Warden’s Charity Picnic raises funds for ‘legacy’ program

$6,200 raised through auction, raffle and draw at Sarnia Bay Marina

Pictured at Sarnia Bay Marina on Thursday are Bill Aimers and Warden Bev MacDougall.

The annual Lambton County Warden’s Charity Picnic raised $6,200, which is being used to support the Lambton Tree Legacy program.

Warden Bev MacDougall, who is also a Sarnia City Councillor, said she appreciated all who participated. A news release highlighted $1,000 contributions from Bluewater Power, Curran Contractors, and Judith Alix. “The County’s community partners continue to set themselves apart as generous supporters of projects that benefit all of Lambton County,” said MacDougall.

The event, which took place Thursday afternoon at Sarnia Bay Marina.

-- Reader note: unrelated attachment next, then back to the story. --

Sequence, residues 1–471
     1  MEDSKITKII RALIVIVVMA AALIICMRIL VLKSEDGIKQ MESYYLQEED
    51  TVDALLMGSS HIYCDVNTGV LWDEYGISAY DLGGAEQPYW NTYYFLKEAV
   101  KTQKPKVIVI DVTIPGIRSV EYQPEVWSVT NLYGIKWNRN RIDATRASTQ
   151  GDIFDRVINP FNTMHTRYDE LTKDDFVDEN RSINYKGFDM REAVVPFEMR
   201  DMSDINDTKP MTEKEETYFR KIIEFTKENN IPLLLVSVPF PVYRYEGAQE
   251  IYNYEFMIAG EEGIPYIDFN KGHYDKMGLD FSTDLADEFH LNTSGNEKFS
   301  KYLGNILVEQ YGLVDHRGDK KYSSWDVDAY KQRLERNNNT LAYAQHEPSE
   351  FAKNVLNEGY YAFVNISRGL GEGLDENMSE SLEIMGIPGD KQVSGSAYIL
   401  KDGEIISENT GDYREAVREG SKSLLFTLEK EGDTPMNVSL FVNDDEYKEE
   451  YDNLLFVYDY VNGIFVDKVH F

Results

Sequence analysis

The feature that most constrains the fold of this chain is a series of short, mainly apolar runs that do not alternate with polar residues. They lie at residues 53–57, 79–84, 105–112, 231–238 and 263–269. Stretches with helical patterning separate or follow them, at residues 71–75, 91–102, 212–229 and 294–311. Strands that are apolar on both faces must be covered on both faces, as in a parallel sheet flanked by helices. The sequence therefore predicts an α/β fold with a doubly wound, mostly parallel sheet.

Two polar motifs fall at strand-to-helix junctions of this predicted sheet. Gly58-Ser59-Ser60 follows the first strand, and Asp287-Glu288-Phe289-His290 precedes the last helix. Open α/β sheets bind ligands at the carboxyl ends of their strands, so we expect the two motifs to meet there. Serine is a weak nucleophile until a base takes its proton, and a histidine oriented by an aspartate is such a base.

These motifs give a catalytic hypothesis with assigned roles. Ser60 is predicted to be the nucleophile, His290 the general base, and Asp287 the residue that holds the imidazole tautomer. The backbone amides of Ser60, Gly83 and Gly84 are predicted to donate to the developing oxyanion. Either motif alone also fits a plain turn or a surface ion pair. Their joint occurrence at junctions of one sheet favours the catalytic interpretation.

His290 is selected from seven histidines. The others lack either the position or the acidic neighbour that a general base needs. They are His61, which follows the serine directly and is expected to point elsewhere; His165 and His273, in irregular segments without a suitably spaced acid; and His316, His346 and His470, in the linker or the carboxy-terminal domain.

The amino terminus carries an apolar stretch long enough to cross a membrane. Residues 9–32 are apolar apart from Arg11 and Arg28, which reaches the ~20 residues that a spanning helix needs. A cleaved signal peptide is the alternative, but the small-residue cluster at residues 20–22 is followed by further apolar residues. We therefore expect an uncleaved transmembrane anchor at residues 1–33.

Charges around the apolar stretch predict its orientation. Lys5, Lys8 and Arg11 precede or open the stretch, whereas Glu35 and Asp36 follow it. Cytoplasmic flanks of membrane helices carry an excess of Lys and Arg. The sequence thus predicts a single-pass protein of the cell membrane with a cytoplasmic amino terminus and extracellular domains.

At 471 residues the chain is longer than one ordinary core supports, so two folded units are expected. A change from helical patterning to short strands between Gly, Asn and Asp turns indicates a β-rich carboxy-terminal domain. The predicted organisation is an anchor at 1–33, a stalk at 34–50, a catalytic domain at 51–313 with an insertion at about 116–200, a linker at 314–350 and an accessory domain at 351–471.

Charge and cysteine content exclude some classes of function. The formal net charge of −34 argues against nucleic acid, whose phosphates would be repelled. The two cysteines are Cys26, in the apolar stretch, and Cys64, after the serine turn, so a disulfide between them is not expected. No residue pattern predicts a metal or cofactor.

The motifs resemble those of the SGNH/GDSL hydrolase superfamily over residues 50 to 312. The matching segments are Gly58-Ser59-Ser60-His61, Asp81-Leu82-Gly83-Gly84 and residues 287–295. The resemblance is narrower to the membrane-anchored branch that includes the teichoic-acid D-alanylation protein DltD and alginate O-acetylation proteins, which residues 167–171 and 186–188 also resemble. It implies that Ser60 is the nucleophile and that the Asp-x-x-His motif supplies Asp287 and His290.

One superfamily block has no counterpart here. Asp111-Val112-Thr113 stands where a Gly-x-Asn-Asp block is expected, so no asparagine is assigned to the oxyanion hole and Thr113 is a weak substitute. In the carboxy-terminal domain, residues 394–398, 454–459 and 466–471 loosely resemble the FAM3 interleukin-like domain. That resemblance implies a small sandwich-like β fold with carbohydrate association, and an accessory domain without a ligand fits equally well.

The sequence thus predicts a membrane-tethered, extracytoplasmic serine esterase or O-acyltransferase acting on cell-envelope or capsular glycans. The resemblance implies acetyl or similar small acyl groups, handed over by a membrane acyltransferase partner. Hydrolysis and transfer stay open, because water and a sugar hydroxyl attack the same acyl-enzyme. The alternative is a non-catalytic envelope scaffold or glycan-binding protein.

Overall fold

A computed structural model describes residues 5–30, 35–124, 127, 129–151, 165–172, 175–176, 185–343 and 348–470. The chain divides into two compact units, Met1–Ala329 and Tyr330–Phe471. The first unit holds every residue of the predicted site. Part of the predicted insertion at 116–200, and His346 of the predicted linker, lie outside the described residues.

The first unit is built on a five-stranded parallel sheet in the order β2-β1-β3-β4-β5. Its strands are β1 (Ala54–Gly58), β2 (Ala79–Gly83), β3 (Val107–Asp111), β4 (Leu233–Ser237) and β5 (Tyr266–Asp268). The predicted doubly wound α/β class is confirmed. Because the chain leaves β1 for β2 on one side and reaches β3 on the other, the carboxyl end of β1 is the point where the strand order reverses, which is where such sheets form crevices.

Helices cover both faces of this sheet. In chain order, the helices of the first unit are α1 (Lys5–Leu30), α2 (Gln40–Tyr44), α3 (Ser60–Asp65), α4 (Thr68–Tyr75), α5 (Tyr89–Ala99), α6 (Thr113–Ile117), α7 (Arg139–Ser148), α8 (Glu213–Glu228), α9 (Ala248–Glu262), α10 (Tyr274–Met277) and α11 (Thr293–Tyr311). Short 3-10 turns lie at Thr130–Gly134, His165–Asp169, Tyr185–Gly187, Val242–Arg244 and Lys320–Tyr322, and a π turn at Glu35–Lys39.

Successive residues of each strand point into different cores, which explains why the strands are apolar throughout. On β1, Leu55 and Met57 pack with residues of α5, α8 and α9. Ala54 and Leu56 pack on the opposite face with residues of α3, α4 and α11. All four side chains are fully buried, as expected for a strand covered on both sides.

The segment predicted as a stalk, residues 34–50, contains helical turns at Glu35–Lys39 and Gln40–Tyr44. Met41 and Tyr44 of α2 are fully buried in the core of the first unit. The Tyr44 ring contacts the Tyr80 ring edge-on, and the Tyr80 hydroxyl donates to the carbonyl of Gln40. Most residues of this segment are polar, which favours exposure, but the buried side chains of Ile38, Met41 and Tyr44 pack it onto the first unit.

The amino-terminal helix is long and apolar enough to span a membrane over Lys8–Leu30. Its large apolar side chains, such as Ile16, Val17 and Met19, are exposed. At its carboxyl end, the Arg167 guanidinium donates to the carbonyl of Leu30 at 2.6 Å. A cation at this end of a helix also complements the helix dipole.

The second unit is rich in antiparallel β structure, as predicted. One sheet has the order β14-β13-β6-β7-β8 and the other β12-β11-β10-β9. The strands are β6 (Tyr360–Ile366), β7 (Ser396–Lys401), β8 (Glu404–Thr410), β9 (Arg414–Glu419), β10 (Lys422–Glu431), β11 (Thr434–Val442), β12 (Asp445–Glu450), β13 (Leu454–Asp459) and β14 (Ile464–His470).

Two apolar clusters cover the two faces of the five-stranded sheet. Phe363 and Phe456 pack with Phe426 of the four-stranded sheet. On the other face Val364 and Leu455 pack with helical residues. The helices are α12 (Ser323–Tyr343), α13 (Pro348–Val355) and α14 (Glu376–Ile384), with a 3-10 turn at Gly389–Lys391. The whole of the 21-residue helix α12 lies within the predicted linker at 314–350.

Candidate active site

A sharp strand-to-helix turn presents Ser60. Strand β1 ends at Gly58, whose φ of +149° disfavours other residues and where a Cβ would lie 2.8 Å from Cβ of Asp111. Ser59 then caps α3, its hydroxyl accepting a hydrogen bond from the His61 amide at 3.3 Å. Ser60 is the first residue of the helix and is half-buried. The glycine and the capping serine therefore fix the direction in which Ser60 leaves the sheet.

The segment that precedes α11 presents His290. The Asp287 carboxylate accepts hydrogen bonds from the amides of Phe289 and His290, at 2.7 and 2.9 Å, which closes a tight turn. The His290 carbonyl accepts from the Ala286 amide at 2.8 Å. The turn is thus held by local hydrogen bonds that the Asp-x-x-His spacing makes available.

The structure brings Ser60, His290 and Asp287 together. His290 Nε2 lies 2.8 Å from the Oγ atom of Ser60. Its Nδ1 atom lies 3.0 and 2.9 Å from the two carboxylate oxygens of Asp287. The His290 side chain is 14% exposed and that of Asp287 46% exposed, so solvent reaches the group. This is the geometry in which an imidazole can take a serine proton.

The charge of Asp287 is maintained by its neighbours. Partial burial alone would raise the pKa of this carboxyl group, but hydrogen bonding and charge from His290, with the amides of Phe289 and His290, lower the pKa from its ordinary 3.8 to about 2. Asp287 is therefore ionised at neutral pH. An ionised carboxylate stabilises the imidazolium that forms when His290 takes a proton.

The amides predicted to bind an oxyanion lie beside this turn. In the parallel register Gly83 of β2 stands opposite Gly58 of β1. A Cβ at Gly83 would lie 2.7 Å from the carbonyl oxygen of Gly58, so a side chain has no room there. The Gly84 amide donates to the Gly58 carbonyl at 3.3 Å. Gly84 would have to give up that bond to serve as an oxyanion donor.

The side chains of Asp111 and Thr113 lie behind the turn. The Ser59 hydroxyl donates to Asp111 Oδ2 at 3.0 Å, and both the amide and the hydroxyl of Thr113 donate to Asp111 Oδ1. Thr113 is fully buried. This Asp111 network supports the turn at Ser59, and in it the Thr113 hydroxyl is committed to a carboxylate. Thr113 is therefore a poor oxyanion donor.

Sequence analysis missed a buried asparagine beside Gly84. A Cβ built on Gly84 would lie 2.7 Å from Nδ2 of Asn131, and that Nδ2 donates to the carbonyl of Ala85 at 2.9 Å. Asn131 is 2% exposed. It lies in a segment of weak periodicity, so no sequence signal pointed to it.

The Lambton Tree Legacy program promotes tree planting on a smaller scale and makes funding available to individuals and community groups seeking to enhance their property and community.

The program began to blossom in 2015 and 2016 when it received $5,000 contributions from Lambton County Council. It also receives in lieu payments of $600 per acre each time an exemption request to remove woodlands is approved by the County’s Woodlands Hearing Board.

The Lambton Tree Legacy program put down roots at the Oil Museum of Canada in Oil Springs earlier this year. At the time, 11 red oaks were donated and planted to provide shade around the Museum’s picnic pavilion and parking areas, and more than 40 sugar maples and oak trees were donated and planted to establish “Grandma’s Sugar Bush,” in memory of Cindy Aimers, a long-time friend of the MacDougall family.

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